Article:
Artus’s views underscore those of many others, including economist Thabi Leoka, who told the FM a few weeks ago that it is becoming “increasingly difficult to see how we can execute a U-turn”. Unless things change, she said, “we’ll be knocking on the doors of the IMF by October 2021”.
A lost cause?
In other words, the country has to do the right things economically if it wants to avoid landing up at the IMF. The trouble is, does the ANC even know what the right thing is any more?
Such knowledge wasn’t at all evident from the torturous debates within the party over what to do about the flagrant incidents of corrupt Covid-19 tenders.
Rather famously, the ANC’s own secretary-general, Ace Magashule, said a few weeks ago: “Tell me of one leader of the ANC who has not done business with the government”. This, after his sons were exposed by Daily Maverick’s Pieter-Louis Myburgh for scoring state contracts worth R2.7m to manage Covid-19.
Yet Magashule is the man who, as the City Press reported yesterday, has taken charge of “cleaning up” the organisation. A letter Magashule sent to ANC structures apparently said “a team of ANC cadres” would be picked to investigate claims of corruption.
Or put another way: the foxes will be drawing up a report probing instances where the henhouse’s integrity had been compromised.
In a well-argued essay in the Sunday Times, author and professor William Gumede said there’s no way to save the ANC as it is. The only solution is for the party to split in two: a Ramaphosa faction and a Magashule/Jacob Zuma faction.
“Unless Ramaphosa musters the courage to break the ANC to save SA, the country will plummet further down the path to a failed state, to Zimbabwe-like poverty levels, and we may experience Lebanon-like explosions in popular uprising,” wrote Gumede.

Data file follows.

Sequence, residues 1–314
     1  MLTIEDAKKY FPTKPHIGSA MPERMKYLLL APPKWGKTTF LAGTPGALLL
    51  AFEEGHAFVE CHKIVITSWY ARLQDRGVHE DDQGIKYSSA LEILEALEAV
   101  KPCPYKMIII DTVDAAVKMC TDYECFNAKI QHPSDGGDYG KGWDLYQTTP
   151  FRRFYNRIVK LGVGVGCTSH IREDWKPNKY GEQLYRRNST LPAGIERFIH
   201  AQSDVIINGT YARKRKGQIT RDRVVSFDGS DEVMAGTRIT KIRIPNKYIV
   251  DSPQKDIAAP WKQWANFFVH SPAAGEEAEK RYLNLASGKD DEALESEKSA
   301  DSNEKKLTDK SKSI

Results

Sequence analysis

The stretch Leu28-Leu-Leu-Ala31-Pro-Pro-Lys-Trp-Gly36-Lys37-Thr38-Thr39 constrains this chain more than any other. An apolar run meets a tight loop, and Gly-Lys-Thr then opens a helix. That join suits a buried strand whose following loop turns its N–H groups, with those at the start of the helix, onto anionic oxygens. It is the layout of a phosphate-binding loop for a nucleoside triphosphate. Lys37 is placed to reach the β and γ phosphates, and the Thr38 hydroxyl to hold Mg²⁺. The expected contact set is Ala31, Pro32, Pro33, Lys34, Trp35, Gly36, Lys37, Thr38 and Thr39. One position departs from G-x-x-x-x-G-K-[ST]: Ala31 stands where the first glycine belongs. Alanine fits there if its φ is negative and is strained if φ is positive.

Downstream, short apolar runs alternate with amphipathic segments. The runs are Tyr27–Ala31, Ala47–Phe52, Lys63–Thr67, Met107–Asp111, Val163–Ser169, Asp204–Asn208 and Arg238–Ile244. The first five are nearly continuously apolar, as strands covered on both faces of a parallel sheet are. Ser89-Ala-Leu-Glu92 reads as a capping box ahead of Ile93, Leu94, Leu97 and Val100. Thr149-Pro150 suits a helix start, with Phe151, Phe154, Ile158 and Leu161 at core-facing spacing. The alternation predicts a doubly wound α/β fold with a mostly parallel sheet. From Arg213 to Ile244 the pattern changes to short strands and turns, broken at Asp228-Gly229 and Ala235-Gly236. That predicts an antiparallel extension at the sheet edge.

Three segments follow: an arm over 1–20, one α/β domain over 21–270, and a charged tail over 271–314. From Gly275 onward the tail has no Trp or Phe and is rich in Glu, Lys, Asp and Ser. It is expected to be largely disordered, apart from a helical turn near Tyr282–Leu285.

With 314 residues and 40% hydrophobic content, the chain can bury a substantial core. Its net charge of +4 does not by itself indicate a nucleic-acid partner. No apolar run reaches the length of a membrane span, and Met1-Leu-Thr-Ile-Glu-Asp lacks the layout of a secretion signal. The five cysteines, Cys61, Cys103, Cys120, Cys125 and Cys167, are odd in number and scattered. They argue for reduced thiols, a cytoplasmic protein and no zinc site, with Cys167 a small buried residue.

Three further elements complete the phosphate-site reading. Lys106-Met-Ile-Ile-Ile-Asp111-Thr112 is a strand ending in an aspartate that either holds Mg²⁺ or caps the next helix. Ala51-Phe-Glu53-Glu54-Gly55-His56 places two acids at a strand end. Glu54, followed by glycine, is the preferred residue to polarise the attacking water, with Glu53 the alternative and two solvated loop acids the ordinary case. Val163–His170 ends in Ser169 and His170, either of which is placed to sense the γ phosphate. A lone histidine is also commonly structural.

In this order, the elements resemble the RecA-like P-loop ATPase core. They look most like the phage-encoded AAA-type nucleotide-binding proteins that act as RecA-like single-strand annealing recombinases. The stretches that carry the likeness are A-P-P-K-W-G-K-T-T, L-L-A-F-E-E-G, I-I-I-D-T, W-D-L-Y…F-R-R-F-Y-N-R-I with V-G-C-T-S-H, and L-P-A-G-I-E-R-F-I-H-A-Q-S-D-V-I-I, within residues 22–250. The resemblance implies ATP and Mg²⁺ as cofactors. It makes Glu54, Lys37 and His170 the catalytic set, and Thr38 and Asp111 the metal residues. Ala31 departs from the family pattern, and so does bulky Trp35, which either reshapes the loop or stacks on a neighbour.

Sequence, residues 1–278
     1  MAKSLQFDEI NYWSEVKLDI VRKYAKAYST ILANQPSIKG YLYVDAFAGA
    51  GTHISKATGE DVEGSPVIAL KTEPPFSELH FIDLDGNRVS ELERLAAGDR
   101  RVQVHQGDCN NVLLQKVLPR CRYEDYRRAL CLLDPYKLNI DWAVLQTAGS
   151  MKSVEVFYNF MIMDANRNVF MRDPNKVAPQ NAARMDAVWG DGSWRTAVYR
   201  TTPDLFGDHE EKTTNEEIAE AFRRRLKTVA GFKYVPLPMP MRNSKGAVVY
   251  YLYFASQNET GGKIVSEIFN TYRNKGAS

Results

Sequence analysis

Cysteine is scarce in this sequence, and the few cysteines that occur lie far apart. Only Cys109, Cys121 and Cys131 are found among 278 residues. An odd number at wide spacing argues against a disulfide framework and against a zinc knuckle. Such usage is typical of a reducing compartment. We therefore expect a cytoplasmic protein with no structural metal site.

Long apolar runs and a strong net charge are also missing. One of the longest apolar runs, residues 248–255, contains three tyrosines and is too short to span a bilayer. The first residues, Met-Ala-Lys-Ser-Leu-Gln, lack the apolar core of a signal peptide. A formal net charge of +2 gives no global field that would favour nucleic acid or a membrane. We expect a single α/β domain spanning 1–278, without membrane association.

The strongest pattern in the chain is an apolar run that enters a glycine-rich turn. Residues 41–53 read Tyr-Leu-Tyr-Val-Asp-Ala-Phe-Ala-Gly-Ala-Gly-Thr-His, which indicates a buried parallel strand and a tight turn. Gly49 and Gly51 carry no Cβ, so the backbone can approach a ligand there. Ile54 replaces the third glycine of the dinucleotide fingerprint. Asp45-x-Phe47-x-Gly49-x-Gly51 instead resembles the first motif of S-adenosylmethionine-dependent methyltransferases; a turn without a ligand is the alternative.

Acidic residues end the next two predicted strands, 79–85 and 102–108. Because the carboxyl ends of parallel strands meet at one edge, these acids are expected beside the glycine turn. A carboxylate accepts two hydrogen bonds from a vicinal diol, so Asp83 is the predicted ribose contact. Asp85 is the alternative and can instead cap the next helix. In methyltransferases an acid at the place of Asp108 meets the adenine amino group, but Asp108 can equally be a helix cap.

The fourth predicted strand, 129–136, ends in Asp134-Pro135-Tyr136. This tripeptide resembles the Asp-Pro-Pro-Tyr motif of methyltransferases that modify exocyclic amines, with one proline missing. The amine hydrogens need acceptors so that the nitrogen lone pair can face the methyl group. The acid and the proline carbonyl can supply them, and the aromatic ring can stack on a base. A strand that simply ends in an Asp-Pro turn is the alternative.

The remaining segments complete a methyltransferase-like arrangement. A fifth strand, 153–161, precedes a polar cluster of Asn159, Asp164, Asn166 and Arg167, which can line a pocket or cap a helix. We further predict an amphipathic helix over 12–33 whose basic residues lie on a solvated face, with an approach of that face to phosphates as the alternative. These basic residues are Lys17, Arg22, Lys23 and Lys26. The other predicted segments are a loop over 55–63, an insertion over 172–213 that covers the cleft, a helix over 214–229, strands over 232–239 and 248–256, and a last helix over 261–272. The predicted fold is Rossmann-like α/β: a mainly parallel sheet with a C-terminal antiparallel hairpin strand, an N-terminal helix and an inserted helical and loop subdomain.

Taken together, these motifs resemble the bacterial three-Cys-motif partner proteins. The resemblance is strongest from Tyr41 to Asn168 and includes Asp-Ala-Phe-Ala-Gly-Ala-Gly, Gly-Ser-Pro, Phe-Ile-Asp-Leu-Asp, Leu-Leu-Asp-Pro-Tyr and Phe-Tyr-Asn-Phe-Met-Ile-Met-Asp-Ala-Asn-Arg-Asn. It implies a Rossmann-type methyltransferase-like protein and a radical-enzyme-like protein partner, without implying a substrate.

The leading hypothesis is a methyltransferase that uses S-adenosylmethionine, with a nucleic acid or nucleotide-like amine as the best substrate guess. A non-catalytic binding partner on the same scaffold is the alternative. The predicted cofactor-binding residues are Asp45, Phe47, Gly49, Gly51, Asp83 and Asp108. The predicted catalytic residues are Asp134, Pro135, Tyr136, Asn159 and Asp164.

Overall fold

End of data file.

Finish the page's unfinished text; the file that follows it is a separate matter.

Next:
However, it seems that Ramaphosa doesn’t see a split as his only solution. Rather, it appears he believes the ANC can still be saved.
Creating the future you want
Yesterday, in an extraordinary letter sent to the ANC’s members, Ramaphosa wrote that in the public eye, the ANC stands as “accused number one” when it comes to complicity for corruption.
He outlined a series of steps that must be taken to deal with this. It includes the provision that anyone accused of corruption must step down while they’re being investigated. “Those who see the ANC as a path to wealth, to power, to influence or status must know that they do not belong in our movement. They must change their ways or they must leave,” he said.
But is that feasible? Or just wishful thinking?
As you can imagine, there is deep scepticism. The pledges and platitudes haven’t worked before, so why would this time be different?
Even the ANC diehards hardly raised a murmur against Nyati’s biting conclusion this weekend that the governing party ought to be retired.
“What was surprising to me,” Nyati told the FM, “is that almost 100% of people supported my view, irrespective of their colour, class or background”.
What those who engaged him did ask, however, was: what’s the alternative? If you’re unconvinced by the Democratic Alliance and find the Economic Freedom Fighter’s economic policy totally loony tunes, who do you vote for?
Nyati says this can never be an excuse. “This thing of feeling stuck and helpless, it’s just a failure of creativity. Go create the future you want. If there are no options, we must build them. We must create the kind of SA we want,” he says.
It’s a compelling thought. And perhaps explains why Altron’s share price has risen 61% over the past three years while the wider JSE all share index has fallen 1.25% in that time. But that sort of good fortune only happens when you’re willing to take the brave decisions.